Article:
The principal writings of Thomas Hobbes appeared between 1640 and 1651—during and immediately following the war between forces loyal to King Charles I and those loyal to Parliament. In his own words, Hobbes’ reflection began with the idea of “giving to every man his own,” a phrase he drew from the writings of Cicero. But he wondered: How can anybody call anything his own? He concluded: My own can only truly be mine if there is one unambiguously strongest power in the realm, and that power treats it as mine, protecting its status as such. Wikipdeia-Property [Emphasis mine.]


A dozen years before the debate on the Bill of Rights, the nineteen- year-old Alexander Hamilton explained the import of this point to the reading public. Hamilton was framing, at the time, the most compelling case that would ever be made in vindicating the rights of America in relation to Britain. In the course of his argument, Hamilton appealed to natural rights. But it was the measure of his calibrated mind that he saw the need to distinguish natural rights, properly understood, from that corruption of natural rights which could be fashioned from the teachings of Hobbes. According to Hamilton, Hobbes held that men in the state of nature were “perfectly free from all restraints of law and government.” “Moral obligation,” according to [Hobbes], “is derived from the introduction of civil society; and there is no virtue, but what is purely artificial, the mere contrivance of politicians, for the maintenance of social intercourse.” These doctrines would impress the tutored mind as “absurd and impious”: They could be explained, in such a formidable writer, only by the most inspired aversion to the commands of both reason and piety. For Hamilton, there was nothing inscrutable about the sources of this mistake:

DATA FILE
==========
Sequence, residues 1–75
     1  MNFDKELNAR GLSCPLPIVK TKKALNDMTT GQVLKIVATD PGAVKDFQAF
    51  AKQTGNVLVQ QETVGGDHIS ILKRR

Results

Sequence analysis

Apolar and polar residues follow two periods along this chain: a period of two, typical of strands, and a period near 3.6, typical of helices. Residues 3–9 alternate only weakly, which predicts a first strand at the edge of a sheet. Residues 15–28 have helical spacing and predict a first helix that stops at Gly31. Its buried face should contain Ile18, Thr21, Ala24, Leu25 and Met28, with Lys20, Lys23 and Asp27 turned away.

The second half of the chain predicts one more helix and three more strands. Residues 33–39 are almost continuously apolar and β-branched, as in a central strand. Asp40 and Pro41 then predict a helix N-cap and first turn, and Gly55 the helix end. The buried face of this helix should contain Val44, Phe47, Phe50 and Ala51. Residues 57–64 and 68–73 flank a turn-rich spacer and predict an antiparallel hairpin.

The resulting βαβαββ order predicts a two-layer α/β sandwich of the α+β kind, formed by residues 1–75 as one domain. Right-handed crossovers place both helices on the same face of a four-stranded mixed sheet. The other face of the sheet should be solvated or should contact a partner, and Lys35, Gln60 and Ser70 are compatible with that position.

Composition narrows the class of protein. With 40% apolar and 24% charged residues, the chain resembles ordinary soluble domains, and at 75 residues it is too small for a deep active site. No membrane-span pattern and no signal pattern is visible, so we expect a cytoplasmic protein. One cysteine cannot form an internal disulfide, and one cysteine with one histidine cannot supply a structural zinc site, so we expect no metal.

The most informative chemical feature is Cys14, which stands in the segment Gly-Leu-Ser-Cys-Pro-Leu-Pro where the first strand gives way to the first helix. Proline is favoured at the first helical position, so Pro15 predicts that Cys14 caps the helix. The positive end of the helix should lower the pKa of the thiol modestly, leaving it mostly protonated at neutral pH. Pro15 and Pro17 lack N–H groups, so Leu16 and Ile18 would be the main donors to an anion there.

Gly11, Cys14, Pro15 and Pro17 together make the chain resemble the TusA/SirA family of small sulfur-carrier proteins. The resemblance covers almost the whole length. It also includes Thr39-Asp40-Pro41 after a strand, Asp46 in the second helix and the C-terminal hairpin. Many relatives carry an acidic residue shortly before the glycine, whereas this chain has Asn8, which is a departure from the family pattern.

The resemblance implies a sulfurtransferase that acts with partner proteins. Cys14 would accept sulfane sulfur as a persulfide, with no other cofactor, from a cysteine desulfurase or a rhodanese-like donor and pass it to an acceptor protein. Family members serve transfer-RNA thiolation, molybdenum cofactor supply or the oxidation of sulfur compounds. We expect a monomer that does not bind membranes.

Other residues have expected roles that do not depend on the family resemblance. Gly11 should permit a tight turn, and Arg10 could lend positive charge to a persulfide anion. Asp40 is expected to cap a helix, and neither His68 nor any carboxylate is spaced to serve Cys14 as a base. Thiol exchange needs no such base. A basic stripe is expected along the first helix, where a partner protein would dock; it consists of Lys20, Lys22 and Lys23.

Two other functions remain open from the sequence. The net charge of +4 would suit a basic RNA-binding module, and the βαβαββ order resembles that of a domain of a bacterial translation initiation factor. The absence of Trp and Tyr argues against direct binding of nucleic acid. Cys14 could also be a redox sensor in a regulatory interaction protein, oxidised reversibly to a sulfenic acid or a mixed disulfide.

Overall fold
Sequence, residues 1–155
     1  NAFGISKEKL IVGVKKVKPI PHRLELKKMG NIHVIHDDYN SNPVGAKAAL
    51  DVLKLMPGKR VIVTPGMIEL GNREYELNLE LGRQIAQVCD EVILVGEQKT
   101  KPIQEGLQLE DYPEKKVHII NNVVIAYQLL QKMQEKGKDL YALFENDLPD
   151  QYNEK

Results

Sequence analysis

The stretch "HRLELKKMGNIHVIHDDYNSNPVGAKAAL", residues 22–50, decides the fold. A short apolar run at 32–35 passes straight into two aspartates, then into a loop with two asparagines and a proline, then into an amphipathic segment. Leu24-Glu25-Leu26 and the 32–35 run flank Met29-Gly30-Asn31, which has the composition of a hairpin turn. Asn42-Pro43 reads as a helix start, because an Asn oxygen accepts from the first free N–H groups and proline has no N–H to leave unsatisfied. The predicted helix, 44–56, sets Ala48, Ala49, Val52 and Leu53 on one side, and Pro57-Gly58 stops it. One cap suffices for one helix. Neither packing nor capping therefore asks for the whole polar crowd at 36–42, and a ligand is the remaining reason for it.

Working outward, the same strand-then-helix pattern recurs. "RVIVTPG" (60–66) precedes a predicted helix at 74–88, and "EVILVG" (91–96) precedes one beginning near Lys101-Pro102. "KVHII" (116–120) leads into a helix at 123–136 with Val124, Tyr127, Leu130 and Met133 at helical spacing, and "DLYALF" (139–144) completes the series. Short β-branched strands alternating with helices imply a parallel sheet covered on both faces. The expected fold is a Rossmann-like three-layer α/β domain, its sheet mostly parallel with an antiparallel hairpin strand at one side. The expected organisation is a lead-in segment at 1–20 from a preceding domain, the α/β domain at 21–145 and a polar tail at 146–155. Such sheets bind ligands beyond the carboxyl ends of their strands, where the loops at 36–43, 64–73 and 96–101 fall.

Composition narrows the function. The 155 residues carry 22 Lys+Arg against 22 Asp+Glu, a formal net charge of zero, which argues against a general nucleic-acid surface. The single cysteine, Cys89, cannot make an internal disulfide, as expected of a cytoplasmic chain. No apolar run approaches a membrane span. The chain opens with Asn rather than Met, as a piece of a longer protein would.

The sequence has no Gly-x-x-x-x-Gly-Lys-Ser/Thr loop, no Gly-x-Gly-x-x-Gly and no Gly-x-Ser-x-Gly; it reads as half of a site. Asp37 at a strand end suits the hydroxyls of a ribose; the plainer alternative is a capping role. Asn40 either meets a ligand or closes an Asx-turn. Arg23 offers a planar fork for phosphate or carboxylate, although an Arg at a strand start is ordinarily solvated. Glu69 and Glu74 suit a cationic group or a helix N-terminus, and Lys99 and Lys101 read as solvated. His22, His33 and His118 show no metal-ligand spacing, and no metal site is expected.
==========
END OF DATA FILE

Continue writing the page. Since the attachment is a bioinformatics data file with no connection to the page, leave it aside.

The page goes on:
“[Hobbes] disbelieved in the existence of an intelligent superintending principle, who is the governor, and will be the final judge of the universe….Good and wise men, in all ages, have embraced a very dissimilar theory. They have supposed, that the deity, from the relation we stand in, to himself and to each other, has constituted an eternal and immutable law, which is, indispensably, obligatory upon all mankind, prior to any human institution whatever.”